Remember those books of optical illusions you had when you were little? You’d stare at them for hours and hours hoping in vain that some magic would happen and all of a sudden you’d see the enchanted forest supposedly hiding behind the myriad of multi-coloured squiggles, but alas, it never appeared. Daniel Temkin’s Glitchometry, a series of artworks based on the mind-bending nature of digital faults, reminds me a lot of those optical illusions, except for there’s no need whatsoever to search for hidden images, because all the beauty that you need to see is right there before your very eyes. Hurrah!
By using tiny errors to expose the web of technology which underpins our digital communication platforms, Daniel creates beautifully weird colourful images which seem to move as you glance across them, evoking that same sense of childlike wonder that optical illusions used to before you figured out how they work. We’re not sure why we’re drawn to them, but we can’t deny that we are; the mere idea of the simplistic beauty which lies latent behind the screens that we spend hours staring at every day is enough to pull us in. We’re hooked.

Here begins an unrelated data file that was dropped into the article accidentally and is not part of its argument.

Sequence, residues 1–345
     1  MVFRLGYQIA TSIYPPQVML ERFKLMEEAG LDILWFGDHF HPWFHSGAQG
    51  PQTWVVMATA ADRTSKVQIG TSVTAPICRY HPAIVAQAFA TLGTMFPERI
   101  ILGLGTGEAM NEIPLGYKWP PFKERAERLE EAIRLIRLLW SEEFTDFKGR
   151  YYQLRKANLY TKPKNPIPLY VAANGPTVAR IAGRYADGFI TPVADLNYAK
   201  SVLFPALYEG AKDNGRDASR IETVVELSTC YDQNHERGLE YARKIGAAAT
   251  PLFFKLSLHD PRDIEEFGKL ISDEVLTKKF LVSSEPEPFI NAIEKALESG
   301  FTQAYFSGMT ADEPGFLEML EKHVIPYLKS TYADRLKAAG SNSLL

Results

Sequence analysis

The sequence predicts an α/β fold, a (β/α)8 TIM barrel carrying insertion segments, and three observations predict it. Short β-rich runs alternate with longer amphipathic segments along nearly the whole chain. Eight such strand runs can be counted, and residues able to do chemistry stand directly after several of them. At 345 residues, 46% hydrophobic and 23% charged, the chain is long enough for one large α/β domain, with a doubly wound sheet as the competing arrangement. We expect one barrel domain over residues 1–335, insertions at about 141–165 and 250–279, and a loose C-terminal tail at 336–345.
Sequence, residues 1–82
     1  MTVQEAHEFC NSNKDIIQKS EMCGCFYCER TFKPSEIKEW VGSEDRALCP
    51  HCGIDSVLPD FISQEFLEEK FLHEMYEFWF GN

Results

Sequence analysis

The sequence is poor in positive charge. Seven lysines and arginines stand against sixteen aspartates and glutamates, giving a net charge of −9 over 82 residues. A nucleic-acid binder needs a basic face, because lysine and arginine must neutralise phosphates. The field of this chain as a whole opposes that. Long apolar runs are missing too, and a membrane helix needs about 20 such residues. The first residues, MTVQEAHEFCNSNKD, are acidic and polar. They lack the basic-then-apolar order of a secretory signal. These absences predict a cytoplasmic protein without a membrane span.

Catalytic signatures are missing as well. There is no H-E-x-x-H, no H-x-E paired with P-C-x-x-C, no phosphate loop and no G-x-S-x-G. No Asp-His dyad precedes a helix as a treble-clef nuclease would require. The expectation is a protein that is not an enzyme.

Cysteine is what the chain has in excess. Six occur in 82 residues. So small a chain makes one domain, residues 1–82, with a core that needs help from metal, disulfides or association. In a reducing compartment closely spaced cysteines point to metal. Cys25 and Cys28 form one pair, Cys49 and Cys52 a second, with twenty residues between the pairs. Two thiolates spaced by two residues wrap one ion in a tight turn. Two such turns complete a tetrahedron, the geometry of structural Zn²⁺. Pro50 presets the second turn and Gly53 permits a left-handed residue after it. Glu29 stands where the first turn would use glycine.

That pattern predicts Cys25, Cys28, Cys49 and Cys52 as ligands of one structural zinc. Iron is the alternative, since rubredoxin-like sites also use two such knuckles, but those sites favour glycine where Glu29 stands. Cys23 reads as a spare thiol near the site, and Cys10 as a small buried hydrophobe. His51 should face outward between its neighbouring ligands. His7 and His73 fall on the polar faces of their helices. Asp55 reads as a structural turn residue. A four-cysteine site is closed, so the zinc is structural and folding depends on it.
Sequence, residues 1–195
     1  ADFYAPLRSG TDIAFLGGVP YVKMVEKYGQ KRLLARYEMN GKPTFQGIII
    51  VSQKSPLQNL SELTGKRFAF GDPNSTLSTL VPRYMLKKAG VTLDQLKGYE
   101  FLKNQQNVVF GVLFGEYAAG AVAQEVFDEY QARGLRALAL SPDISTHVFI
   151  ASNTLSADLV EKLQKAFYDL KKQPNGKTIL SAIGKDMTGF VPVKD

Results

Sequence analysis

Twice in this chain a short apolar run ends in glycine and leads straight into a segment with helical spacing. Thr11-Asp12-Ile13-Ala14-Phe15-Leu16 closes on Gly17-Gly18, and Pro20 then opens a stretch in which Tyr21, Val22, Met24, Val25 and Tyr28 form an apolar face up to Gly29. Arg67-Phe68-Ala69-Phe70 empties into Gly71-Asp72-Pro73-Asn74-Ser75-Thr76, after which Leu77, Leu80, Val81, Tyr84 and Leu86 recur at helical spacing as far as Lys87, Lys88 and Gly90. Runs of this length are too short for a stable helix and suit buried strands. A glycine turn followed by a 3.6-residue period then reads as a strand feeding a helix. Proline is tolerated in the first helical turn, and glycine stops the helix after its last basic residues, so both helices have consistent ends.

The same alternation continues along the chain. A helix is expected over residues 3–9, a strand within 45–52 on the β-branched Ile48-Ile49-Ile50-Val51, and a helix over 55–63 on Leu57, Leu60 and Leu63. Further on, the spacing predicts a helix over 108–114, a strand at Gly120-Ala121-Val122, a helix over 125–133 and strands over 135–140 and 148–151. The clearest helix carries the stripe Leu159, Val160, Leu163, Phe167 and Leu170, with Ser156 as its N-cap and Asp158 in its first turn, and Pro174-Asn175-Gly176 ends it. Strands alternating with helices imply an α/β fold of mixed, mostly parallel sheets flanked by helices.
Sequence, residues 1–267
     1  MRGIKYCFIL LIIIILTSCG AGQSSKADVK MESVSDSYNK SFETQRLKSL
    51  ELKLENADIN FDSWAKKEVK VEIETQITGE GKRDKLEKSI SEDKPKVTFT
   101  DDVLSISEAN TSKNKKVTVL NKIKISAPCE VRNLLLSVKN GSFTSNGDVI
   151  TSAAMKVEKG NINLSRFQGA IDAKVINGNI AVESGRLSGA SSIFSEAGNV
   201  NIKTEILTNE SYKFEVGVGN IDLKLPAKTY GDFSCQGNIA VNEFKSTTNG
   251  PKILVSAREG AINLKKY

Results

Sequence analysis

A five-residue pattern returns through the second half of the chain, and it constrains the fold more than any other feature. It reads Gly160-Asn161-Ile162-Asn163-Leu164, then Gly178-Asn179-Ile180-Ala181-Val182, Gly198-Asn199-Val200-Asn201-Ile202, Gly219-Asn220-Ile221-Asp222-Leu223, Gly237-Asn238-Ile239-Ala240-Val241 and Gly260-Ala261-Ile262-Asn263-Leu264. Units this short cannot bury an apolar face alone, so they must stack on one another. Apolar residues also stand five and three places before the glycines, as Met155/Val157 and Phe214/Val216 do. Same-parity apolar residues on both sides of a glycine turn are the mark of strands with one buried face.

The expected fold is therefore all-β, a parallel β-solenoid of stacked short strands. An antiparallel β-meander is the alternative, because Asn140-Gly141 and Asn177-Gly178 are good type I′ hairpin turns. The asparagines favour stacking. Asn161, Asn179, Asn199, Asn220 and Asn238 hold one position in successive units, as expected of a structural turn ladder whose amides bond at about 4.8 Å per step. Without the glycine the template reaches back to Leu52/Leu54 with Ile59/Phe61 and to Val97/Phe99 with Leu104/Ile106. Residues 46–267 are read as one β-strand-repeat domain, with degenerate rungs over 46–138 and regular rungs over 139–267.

- Living for the weekend, it's Best of the Web!
- The photographer archiving South Africa’s black lesbian community
- Kirsten Lepore’s creepy clay character is oddly soothing in this brilliant animation
- Friday Mixtape: Grammy award-winning Tinariwen curates a genre-crossing mix
- Designer Kara Zichittella talks about her typographically-led projects
- “Where’s my community?”: Skin Deep and POC on the need for diversity in the film industry
- A new national identity: Smörgåsbord Studio rebrands Wales
- Graphic design gems: Chicago gang business cards from the 1970s and 80s
- Photographer Dougie Wallace captures the super rich spenders of “Harrodsburg”
- “Romance in a sort-of fantasy world”: photographer Molly Matalon's new work (some NSFW)
- Studio Michael Satter’s sophisticatedly simple graphic design portfolio
- Harry Pearce and Pentagram create a new identity for Pink Floyd’s record label